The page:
FUDiabetes

T1D medical alert tattoos?

type_1

#21

We have been seriously thinking at very small dot tattoos to help with site rotation (for triangulation/ positioning purposes) btw.

So I must ask a question (I am pretty naive on this): is there a safe way to get tattoos? Some kind of sanitation guarantee? After all, it could be like sharing needles.


#22

I only have one tattoo but have been with many other people while getting theirs in many different countries all over the world and it was always a very sterile process that gave me no concern for bloodborne pathogens whatsoever… they use new / sterilized equipment. It wouldn’t be a heavy concern of mine at any reputable established tattoo business.


#23

My other advice would be to get something he actually wants. I just spent over $1000 to have My wife’s college abomination tattoo covered up with this…

So my advice is to get something meaningful to him. IF he wants dots, make it into something cool… his favorite constellations, something that means something to him that he’ll love and be proud of instead of “dots to help with site rotation” that can also serve the purpose of reference points on his skin


#24

Here are some good looking ones for men and women:


#25

After that Reddit thread I looked back into bracelets and found several similar to my watchband, which I’m fine with. Right now I’m leaning towards getting this one- https://www.amazon.com/gp/product/B01E8A3UOK/ref=ox_sc_mini_detail?ie=UTF8&psc=1&smid=A2WKBU1YCTLGES
I can also use the medical info lockscreen app on Android and get the inside of this band engraved with “See phone for medications”.


#26

I was a volunteer EMT for a while and we never learned to look for tattoo’s. If they jump out at us and we notice them, great…but we don’t strip folks to search for tattoos. Jewelry, phones, wallets/purses, etc.


#27

A while back we had a conversation that might add to this discussion and I mentioned the RoadID brand. EH has been happy with his. While I can’t get it to show up properly from my phone, there’s a link IN the below link to take you there.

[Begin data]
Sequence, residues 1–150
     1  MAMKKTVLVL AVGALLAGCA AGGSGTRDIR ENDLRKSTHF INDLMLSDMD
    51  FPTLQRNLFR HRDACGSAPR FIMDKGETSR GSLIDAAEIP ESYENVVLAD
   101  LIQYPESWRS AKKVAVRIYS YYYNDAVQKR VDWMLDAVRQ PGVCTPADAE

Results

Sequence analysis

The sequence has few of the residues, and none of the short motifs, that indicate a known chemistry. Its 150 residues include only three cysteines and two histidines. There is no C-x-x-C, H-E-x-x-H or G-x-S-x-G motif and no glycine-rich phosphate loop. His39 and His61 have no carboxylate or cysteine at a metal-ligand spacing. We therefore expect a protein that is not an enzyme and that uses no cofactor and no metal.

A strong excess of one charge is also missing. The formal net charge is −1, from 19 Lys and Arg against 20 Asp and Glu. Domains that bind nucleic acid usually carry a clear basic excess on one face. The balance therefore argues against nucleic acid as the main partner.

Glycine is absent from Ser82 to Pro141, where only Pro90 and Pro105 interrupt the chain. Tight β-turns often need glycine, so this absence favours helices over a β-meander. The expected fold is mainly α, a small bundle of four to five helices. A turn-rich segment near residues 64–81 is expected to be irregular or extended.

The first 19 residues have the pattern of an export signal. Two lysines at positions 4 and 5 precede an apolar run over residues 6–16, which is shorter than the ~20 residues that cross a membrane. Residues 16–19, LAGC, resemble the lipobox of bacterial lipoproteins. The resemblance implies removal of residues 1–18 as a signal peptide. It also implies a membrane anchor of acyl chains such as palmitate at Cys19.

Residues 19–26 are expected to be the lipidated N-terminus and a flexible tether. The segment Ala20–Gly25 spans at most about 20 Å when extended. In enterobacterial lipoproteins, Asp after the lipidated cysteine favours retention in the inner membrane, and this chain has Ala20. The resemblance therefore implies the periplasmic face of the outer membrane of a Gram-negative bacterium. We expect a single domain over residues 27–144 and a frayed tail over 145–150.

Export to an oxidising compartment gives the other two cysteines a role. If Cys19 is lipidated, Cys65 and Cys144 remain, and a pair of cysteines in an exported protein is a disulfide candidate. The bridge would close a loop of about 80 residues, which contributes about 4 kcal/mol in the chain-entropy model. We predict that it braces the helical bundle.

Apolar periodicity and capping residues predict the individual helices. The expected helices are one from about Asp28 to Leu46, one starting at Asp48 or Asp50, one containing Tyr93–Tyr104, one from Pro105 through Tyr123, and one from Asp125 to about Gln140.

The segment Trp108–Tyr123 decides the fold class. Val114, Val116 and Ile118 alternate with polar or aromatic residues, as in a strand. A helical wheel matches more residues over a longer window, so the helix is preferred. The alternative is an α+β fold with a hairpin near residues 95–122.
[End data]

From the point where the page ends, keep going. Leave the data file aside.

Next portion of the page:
#28

My friend who is a paramedic said they are trained to check for bracelets, not tattoos, so recommends against getting them for the purpose of notifying paramedics. If you want one otherwise, great though! He said that for medic alert jewelry to be effective, it has to be reasonably identifiable as such, so you don’t want it too well disguised as other jewelry. He also said that they check the blood glucose of anyone unconscious or semi-conscious as standard practice, regardless of whether they are known to be a diabetic.

Personally, I feel comfortable with a wallet card and then utilizing the emergency medical info function on my iPhone (so it’s available even when my phone is locked). I highly recommend everyone with a smart phone set that up. I figure if my wallet and phone, as well as my other diabetes supplies, are missing or destroyed, probably something besides the diabetes is the more pressing medical issue anyway…

Tattoos are like piercings in that reputable places take sterilization and hygiene extremely seriously. Don’t go just anywhere—do your homework to find a highly regarded place/artist who takes all precautions.


#29

I started med school 18 years ago and of the 17 million tatoos of all descriptions I’ve seen on human bodies, not one of them (that I know of) has had info about a medical condition. So that’s one anecdotal piece of info about how likely medical providers are to check your tattoo for medical info. My grandfather actually had dog tag style medic alert necklace in the 1940s, maybe before men could wear bracelets! So that would be one alternative if you don’t like bracelets. My 14 yo has stretch rubber medic alert bracelets which he prefers, the best type have the letters stamped in rather than just painted on. In truth there are all kinds of accidents/medical emergencies and the same thing isn’t helpful for everything. In the case of a trauma, believe me they are gonna cut your clothes off in the ER and roll you 360 degrees looking for hidden injuries,as well as going through your possessions for ID, so if you’re wearing a pump or carrying diabetes supplies, all will be known. The safest thing in this case, if you’re not obviously an adolescent and you don’t wear a pump, is to put a label in your meter saying name/DOB, endos information and that you’re Type 1, since most adult diabetics have type 2. On the other hand, as the EMT said, if you’re unresponsive and being assessed by emergency personnel, BG check is likely to be done pretty early on even if nothing alerts them. To me the worst case scenario is if you’re unresponsive in a situation where a layperson is trying to assess you and mistakes it for intoxication…but I’m not sure either tattoo or bracelet will help you there since people don’t usually get that close…suggest just trying not to have your massive low on a park bench or during a frat party without bringing along a friend :grin:. Outside of wearing an “it’s diabetes stupid” t shirt every day, not sure there is a solution for that one.


#30

Right? I had a butterfly. It’s now a fire-breathing dragon.


#31

I feel like @Eric needs one of these…


#32

@Sam, I love that. Worth every penny, I’d say. :heart::heart: